Riding on its numbers in Rajya Sabha, the Congress will neither allow passage nor defeat of the Insurance Amendment Bill on the floor of the House, but will insist to send it to the Select Committee, to prevent prime minister Narendra Modi government to call a joint session of parliament to seek passage of the Bill. Senior Congress leaders admit, it was a political ploy to convey Modi government despite a brute majority in Lok Sabha was not in total control and they (Congress) were still players in the politics. Modi is keen for the passage of this Bill, ahead of his visit to the United States in September last week.
Party's deputy leader in the House Anand Sharma refused the government offer to bring in amendments which will be incorporated into the bill.
"This is not an issue between the Congress and the BJP which they can settle between themselves. The views of other opposition parties have to be considered. Eleven parties, including the AIADMK have written to the Chairam (of Rajya Sabha) seeking the setting up the Select Committee. The Congress will go with the other Opposition parties," he said.
He said that the government has made 11 amendments to the bill that Congress had brought to the House in August 2013, after it was referred to the finance standing committee under senior BJP leader Yashwant Sinha. Three of the new amendments are substantive and these need to be considered afresh by all the parties, and this can happen only in the select committee, he argued.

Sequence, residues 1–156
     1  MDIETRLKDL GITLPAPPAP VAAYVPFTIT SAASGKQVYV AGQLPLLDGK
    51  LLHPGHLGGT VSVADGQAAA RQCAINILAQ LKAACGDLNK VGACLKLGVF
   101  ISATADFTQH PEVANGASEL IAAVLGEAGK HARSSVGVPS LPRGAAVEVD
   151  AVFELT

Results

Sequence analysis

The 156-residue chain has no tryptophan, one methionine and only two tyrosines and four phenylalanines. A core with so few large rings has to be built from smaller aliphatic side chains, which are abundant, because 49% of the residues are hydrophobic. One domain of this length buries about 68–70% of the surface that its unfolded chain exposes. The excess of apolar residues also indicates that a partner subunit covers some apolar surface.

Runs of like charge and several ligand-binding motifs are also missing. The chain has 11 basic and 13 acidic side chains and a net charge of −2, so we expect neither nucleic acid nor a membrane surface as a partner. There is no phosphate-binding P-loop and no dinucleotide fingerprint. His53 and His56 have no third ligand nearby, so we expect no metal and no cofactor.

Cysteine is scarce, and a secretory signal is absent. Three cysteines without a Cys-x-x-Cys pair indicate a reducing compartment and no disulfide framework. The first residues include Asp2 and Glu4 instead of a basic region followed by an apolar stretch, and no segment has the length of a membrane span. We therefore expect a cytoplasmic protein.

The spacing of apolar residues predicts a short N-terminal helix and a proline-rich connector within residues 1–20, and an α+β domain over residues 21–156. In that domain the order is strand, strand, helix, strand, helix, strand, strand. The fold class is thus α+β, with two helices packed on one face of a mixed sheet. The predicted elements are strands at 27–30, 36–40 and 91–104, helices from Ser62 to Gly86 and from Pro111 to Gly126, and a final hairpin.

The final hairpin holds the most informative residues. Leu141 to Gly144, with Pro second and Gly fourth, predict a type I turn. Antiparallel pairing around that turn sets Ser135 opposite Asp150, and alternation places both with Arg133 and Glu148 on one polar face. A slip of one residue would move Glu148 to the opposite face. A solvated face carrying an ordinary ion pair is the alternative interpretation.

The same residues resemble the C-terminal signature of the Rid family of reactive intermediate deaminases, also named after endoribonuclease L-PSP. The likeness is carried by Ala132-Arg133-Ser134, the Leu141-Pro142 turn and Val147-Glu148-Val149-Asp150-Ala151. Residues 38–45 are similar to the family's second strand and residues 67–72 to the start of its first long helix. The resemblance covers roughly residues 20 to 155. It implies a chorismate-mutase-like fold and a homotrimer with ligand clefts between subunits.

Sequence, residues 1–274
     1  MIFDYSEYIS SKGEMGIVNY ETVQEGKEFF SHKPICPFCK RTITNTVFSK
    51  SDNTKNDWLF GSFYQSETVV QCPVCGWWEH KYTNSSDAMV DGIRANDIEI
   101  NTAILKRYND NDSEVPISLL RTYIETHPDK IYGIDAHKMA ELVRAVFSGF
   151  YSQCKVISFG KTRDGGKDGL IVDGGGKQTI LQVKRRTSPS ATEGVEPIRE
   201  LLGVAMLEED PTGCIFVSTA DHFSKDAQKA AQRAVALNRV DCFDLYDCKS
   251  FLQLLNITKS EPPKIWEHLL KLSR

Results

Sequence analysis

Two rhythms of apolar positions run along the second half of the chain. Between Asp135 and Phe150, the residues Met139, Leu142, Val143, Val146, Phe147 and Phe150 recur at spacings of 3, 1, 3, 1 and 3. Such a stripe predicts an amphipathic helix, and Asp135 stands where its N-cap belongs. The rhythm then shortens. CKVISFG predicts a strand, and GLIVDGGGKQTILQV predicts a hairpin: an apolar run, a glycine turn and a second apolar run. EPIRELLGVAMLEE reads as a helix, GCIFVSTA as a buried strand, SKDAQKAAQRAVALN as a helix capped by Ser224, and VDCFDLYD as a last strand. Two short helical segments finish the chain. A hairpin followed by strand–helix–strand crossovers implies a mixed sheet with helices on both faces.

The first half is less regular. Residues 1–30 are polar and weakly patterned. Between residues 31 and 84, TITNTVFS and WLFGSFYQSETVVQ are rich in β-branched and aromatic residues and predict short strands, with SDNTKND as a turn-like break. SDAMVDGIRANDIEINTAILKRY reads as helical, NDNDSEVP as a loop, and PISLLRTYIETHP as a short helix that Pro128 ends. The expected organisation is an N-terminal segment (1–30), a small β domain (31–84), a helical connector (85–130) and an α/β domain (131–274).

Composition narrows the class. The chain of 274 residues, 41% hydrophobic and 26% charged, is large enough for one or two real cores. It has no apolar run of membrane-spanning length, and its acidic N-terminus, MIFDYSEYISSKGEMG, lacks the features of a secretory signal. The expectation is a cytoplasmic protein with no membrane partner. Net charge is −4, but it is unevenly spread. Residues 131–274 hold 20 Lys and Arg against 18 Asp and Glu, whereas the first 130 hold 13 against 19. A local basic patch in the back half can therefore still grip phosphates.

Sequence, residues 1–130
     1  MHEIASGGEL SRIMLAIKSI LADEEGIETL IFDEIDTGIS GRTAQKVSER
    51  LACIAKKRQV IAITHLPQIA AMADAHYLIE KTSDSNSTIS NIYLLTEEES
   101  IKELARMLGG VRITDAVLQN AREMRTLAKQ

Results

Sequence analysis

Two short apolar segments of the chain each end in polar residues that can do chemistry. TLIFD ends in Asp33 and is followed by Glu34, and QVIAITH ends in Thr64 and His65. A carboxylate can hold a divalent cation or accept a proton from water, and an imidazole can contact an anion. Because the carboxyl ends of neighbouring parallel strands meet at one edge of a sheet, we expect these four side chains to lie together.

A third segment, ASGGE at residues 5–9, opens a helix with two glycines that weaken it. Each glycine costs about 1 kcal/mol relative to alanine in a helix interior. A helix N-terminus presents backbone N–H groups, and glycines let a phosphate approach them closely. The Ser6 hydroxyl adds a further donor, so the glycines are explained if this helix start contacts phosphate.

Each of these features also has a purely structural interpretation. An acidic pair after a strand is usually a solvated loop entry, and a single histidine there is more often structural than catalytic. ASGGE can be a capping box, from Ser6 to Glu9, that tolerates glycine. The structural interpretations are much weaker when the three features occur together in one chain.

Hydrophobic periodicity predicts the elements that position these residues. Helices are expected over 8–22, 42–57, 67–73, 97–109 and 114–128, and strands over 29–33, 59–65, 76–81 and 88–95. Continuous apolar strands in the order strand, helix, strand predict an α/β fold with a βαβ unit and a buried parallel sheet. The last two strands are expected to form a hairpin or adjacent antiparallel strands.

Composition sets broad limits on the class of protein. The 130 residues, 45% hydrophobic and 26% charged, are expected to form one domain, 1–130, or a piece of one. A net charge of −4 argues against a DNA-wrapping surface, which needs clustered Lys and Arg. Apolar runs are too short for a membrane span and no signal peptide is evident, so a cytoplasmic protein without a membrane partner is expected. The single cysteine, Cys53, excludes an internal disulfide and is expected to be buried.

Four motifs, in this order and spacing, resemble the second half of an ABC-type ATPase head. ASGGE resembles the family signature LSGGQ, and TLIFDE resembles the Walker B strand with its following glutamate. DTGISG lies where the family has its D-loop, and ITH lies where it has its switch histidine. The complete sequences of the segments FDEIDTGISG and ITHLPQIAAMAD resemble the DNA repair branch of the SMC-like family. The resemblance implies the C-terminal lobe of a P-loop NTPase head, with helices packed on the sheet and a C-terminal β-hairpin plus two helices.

He said there is need for the definition of FDI because the government's bill has included portfolio investors and foreign institutional investors (FIIs), and it is what he called a substantive change which all the parties have to consider closely.
A senior Congress leader of the House speaking on condition of anonymity explained the need for a select committee. He said it is not an issue that is to be discussed among the political parties, but the views of the stakeholders need to be taken into account as well. He said the views of the stakeholders can be elicited only in the committee stage.
Sharma also cited the example of the Lokpal Bill 2012, which was not passed in Rajya Sabha and it had to be referred to the select committee on the insistence of the leader of opposition Arun Jaitley. Sharma contended that the Congress wants the same procedure to be followed in the case of the insurance bill as well.
He has however made it clear that Congress would want the bill to be passed but only after it goes through the select committee, and that the party was committed to the bill in-principle. He reminded that the BJP had sat over the bill for six years, from 2008 when it was first introduced.
He also wondered as to why the government was in such haste after blocking the bill for six years. He hinted that the bill could be pushed through the winter session and there was no need to go through it now.
It is learned that prime minister Narendra Modi has asked the government to get the bill passed in this session on priority. It would appear that he would want to use it as a trophy for his first visit to Washington next month.